When converted to a troop ship, a forecastle and poop deck were added (for accommodation) and a third mast fitted. This changed her sail plan to barquentine. The Birkenhead was not commissioned as a frigate for two reasons:
The Royal Navy's warships were using screw propellers rather than the less efficient paddles.
The Admiralty believed that cannon shot against an iron hull would create jagged holes, difficult to plug.
The Birkenhead was one of the first iron-hulled ships with a total of 12 watertight compartments. The Admiralty made one adjustment to the design moving the paddle shafts several feet forward thus creating stability problems requiring careful stowage. She had a round stern and a bow with the figurehead of Vulcan holding a hammer in one hand.
In December 1851, under the command of Captain Robert Salmond, the Birkenhead departed Cork in Ireland for Simon's Town. She left Simon's Town on 25 February after loading 350 tons of coal and provisions. Her manifest included 20 women and children, 138 crew, 480 army officers and drafted men, to assist in the Frontier War, Eastern Cape. At Gansbaai, 140 km from Cape Town she was wrecked on rocks. As in the case of the Titanic many years later she was not equipped with sufficient lifeboats forcing soldiers to stand aside while women and children boarded - this gave rise to the 'women and children first' protocol at sea. Of the 643 on board only 193 survived.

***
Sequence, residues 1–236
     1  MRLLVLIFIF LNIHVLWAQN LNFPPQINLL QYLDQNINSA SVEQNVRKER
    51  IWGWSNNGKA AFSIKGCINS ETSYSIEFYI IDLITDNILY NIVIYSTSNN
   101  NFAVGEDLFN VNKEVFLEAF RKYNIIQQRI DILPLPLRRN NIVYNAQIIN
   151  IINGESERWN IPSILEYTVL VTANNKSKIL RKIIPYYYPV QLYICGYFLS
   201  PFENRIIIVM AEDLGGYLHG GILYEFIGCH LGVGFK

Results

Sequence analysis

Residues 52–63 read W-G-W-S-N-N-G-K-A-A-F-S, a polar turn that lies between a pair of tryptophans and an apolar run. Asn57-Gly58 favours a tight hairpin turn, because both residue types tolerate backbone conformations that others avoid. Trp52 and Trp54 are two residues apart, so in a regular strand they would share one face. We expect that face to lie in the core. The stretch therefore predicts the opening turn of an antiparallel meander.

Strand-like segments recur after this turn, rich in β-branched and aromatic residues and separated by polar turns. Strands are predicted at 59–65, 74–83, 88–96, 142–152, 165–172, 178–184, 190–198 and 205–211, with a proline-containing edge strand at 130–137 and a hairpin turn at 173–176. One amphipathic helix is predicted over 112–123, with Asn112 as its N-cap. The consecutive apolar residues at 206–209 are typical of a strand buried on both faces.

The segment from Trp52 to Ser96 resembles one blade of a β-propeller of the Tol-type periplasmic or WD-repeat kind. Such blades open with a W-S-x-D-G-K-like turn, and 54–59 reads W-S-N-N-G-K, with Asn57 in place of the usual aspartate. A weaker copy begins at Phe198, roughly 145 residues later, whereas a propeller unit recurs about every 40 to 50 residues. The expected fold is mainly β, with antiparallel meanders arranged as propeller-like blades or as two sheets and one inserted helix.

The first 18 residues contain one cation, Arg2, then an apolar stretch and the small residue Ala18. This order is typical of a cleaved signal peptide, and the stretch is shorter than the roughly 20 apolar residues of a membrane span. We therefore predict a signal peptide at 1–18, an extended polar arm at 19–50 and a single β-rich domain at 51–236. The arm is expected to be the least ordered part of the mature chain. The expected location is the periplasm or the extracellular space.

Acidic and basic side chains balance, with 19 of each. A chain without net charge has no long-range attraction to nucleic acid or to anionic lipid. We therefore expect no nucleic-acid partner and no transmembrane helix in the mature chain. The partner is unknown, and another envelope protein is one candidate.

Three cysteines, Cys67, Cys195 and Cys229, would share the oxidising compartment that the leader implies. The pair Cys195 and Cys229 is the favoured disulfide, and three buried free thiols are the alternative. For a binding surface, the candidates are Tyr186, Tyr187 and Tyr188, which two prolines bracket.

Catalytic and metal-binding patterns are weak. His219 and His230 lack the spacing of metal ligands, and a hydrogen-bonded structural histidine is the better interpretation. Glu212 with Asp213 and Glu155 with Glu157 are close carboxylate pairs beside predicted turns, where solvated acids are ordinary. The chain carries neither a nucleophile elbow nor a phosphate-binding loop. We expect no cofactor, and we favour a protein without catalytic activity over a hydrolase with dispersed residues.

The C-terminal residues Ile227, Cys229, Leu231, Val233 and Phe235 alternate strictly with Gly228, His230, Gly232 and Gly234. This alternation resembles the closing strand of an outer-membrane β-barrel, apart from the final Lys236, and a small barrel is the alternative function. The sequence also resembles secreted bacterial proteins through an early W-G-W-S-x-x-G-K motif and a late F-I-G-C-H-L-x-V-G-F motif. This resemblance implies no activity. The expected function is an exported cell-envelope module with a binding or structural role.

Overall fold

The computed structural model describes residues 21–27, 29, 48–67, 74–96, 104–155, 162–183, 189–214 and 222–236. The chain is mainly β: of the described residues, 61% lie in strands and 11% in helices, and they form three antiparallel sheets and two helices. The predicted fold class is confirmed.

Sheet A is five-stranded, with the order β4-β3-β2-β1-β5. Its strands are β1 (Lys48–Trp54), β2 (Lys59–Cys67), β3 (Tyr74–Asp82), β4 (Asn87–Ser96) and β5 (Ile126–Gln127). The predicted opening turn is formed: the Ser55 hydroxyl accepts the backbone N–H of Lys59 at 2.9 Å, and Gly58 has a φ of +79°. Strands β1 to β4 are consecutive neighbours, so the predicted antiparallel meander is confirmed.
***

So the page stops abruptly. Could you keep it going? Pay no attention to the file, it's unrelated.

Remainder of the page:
Captain Salmond had set a course, hugging the coast (to avoid the counter Agullas Current) within 3 miles of the shore. Sea conditions were reported to be calm and the night clear. Thomas M Hemy wrote in 1892:
"Shortly before 02:00 on 26 February, while Birkenhead was travelling at a speed of 8 knots (15 km/h), the leadsman made soundings of 12 fathoms (22 m). Before he could take another sounding, she struck an uncharted rock at 34°38′42″S 19°17′9″E Coordinates: 34°38′42″S 19°17′9″E with 2 fathoms (3.7 m) of water beneath her bows and 11 fathoms (20 m) at her stern."
"The rock lies near Danger Point (today near Gansbaai, Western Cape). Barely submerged, it is clearly visible in rough seas, but it is not immediately apparent in calmer conditions."
"Captain Salmond rushed on deck and ordered the anchor to be dropped, the quarter-boats to be lowered, and a turn astern to be given by the engines. However, as the ship backed off the rock, the sea rushed into the large hole made by the collision and the ship struck again, buckling the plates of the forward bilge and ripping open the bulkheads."
"Shortly, the forward compartments and the engine rooms were flooded, and over 100 soldiers were drowned in their berths."
"The surviving soldiers mustered and awaited their officers' orders. Salmond ordered Colonel Seton to send men to the chain pumps; sixty were directed to this task, sixty more were assigned to the tackles of the lifeboats, and the rest were assembled on the poop deck in order to raise the forward part of the ship."
"The women and children were placed in the ship's cutter, which lay alongside. Two other boats were manned, but one was immediately swamped and the other could not be launched due to poor maintenance and paint on the winches, leaving only three boats available. The two large boats, with capacities of 150 men each, were not among them."